In this case, a true-crime podcast didn't just recount an old case—it helped free two men wrongfully imprisoned because of it, reports CNN. Darrell Lee Clark and co-defendant Cain Joshua Storey were exonerated of murder last week in the 1996 shooting death of their friend Brian Bowling. All three were teenagers at the time. Clark and Storey were convicted of homicide and had spent 25 years behind bars before the Proof podcast with hosts Susan Simpson and Jacinda Davis got involved and alerted the Georgia Innocence Project, per Fox 5 Atlanta.
The 15-year-old Bowling died from a gunshot wound to the head while in his own bedroom. He had been on the phone to his girlfriend at the time, and he had just told her that he was playing Russian Roulette with a gun brought over by Storey, who was in the room at the time, per a release from the Georgia Innocence Project. Police initially believed Storey's account that the shooting was accidental but soon began investigating it as a homicide. The case hinged on the testimony of two key witnesses.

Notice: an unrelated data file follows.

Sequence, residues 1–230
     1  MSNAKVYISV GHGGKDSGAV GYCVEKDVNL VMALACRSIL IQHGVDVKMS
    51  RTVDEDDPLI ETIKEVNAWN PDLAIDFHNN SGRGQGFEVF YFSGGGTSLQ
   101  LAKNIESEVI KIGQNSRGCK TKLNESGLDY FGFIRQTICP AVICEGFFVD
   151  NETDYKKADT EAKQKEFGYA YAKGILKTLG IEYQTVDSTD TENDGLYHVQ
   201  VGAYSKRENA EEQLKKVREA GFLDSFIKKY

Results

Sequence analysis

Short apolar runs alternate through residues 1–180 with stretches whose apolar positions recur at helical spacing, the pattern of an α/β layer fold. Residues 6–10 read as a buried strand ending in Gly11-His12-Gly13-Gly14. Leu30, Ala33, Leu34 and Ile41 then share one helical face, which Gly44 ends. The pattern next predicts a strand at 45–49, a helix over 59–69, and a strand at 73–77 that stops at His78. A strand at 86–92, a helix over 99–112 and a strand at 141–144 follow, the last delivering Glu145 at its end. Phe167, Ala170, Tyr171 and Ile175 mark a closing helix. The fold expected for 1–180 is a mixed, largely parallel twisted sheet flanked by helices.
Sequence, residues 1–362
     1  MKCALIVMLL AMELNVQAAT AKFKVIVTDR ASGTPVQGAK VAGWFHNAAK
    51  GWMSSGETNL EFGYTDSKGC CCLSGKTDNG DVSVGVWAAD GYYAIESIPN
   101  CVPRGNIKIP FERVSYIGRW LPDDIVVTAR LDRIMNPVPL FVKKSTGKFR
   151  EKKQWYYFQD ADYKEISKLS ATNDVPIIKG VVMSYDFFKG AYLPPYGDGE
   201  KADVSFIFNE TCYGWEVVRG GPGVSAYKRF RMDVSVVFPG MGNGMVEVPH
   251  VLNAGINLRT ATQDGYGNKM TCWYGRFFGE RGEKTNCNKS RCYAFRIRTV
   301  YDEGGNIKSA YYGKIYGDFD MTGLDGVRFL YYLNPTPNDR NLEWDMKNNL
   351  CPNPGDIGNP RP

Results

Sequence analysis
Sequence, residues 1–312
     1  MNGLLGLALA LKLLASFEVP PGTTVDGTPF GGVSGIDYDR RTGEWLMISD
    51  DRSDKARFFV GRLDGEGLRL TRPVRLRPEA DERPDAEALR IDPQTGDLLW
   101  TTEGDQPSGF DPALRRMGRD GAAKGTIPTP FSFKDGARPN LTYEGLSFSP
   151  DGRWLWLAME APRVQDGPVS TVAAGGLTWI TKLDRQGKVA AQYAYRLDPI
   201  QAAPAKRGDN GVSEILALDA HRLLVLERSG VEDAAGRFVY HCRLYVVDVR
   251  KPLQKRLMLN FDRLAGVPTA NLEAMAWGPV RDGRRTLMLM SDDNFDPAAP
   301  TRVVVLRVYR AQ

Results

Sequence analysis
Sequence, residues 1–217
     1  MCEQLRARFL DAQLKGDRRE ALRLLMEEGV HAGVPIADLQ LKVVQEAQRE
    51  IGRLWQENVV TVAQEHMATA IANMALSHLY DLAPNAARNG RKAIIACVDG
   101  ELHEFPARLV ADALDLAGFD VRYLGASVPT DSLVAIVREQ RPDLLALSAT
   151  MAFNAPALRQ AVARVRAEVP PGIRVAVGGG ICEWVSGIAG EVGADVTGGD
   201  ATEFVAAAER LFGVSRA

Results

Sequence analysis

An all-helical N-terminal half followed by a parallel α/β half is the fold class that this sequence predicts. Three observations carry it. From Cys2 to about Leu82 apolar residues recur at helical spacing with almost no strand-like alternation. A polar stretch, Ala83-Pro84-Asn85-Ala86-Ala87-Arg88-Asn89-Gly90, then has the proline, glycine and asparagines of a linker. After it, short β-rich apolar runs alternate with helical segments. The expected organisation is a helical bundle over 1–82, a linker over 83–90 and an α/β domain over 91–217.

A young woman testified that Storey and Clark later told her they wanted to kill Bowling, but the podcasters found that detectives coerced her. They also showed that the testimony of the other key witness, a man with speech and hearing impairments, was unreliable and was even misunderstood at trial. Storey and Clark were sentenced to life in prison. "It took us a long time to talk to both of those witnesses," says podcaster Davis. "When we finally found and were able to talk to those two witnesses, it really solidified that both of these guys had been wrongly convicted."
Both men are now out of prison, with Storey accepting a plea deal for involuntary manslaughter for his role in Bowling's death; it involved a 10-year sentence but he was released for time served. Like Clark, who wasn't even at the scene, he was exonerated of homicide. “You never think something like that is going to happen to you,” Clark said in a statement released by the Georgia Innocence Project. "Never would I have thought I would spend more than half my life in prison, especially for something I didn’t do.” (Read more exoneration stories.)